Dr. Shiel received a Bachelor of Science degree with honors from the University of Notre Dame. There he was involved in research in radiation biology and received the Huisking Scholarship. After graduating from St. Louis University School of Medicine, he completed his Internal Medicine residency and Rheumatology fellowship at the University of California, Irvine. He is board-certified in Internal Medicine and Rheumatology.
Treatment for weeverfish stings includes the following steps:
Soak the puncture site in non-scalding hot water (to 110 degree F
or 43.3 C) for 30 to 90 minutes or until significant pain relief occurs. The belief is that that heat may have to make some of the venom (toxins) inactive. It may also help to reduce some of the spasm that occurs in the surrounding blood vessels.
Vinegar, urine, ammonia or other substances added to the hot water have shown no benefit.
Pain medications such as narcotics may help, but often times do not. A doctor or health care professional may inject the puncture site with an anesthetic (such as lidocaine) to try to numb
the area and relieve pain. Sometimes a nerve block (which is injecting around the nerve that controls the pain of that region) is helpful.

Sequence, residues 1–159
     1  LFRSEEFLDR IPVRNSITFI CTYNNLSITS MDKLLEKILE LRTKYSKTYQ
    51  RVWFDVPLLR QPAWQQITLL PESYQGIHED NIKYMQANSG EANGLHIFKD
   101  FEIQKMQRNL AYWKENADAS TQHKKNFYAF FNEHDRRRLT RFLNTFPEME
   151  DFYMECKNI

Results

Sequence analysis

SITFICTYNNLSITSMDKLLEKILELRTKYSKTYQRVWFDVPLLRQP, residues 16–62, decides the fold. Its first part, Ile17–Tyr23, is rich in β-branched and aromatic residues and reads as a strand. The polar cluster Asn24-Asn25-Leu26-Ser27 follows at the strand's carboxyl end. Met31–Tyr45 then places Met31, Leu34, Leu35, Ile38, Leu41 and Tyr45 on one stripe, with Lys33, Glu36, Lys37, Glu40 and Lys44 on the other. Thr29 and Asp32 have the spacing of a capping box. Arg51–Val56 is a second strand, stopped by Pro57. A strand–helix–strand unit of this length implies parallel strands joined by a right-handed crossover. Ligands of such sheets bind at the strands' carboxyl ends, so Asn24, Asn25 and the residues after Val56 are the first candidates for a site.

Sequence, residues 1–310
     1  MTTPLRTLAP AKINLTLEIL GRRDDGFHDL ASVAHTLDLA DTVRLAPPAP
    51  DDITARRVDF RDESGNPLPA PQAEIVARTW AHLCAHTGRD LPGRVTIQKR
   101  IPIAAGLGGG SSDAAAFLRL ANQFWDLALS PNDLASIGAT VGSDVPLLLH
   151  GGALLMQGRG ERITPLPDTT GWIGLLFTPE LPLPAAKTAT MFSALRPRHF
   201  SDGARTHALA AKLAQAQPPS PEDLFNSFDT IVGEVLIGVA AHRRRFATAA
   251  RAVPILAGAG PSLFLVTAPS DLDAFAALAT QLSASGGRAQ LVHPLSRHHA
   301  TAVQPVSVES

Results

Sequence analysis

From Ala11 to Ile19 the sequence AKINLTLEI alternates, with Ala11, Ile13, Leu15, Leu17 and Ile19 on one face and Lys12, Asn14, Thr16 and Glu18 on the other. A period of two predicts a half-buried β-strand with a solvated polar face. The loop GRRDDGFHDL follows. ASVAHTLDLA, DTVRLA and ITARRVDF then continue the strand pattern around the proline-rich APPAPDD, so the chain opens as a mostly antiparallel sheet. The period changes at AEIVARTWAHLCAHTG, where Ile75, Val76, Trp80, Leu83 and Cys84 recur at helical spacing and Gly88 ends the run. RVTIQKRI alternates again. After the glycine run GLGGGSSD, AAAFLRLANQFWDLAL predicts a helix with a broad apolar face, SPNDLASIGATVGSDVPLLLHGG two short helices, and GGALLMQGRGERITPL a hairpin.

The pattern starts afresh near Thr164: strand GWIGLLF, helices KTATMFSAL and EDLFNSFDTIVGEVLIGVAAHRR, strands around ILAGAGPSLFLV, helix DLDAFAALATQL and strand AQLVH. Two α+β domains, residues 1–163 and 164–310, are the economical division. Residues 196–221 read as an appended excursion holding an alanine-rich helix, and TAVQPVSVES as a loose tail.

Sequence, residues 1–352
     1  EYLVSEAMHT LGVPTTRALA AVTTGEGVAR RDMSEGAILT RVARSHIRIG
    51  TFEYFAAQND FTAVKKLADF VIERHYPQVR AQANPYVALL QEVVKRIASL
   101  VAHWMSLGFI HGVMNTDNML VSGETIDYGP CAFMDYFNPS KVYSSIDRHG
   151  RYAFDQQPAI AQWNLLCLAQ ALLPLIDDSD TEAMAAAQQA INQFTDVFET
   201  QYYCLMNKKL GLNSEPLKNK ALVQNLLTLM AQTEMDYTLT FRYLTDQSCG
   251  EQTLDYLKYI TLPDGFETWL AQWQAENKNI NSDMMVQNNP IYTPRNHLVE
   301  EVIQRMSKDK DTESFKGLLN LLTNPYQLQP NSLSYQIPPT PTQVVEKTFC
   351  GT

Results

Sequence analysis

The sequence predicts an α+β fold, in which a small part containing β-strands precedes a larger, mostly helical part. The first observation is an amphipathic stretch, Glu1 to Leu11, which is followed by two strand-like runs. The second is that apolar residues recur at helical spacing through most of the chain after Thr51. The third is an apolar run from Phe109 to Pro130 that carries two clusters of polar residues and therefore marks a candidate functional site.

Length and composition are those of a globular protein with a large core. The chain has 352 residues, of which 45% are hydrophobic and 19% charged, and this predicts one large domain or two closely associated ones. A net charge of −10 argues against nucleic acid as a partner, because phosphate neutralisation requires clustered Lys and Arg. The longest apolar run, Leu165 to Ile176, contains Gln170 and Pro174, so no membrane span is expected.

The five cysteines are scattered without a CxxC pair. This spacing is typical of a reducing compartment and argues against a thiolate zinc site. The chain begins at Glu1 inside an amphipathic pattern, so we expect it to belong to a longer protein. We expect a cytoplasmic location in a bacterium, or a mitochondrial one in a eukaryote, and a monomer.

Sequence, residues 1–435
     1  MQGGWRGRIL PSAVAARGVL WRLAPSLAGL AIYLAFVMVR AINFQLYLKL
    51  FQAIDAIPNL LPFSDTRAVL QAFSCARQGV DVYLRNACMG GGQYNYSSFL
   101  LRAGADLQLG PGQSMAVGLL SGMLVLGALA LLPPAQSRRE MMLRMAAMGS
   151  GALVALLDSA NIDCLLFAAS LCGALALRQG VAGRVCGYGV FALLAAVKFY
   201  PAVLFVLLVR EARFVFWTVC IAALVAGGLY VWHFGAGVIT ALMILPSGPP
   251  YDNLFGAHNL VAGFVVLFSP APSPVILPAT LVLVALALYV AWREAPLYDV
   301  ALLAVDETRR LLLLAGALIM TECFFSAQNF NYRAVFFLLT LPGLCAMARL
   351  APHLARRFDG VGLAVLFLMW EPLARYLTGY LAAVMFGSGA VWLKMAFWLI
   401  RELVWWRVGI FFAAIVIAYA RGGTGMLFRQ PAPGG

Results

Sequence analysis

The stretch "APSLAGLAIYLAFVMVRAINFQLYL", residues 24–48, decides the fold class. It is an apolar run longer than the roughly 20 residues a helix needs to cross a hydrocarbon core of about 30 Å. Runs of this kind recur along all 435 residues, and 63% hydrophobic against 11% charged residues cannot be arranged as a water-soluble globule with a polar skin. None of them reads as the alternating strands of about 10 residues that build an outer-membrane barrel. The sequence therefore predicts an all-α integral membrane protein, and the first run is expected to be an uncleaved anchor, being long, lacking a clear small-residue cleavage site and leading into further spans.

The spines rarely break off in the wound; however, if they do,
they should be carefully removed by an experienced health care professional
to assure no pieces remain in the tissue, risking infection.
The puncture site (or wound) should be left open and should not be covered with tape or
sutured (stitches) to allow for drainage of the wound. Closing the wound or covering
it with tape increases the risk of the wound getting infected.
Antibiotic use is controversial, however due to the possibility of infection occurring, and
deep puncture wounds that
the weeverfish spines make, preventative antibiotics are generally given.
There is no antivenin available at this time for a weeverfish
Be sure to monitor the area for the first signs of infection which include but are not necessarily limited to: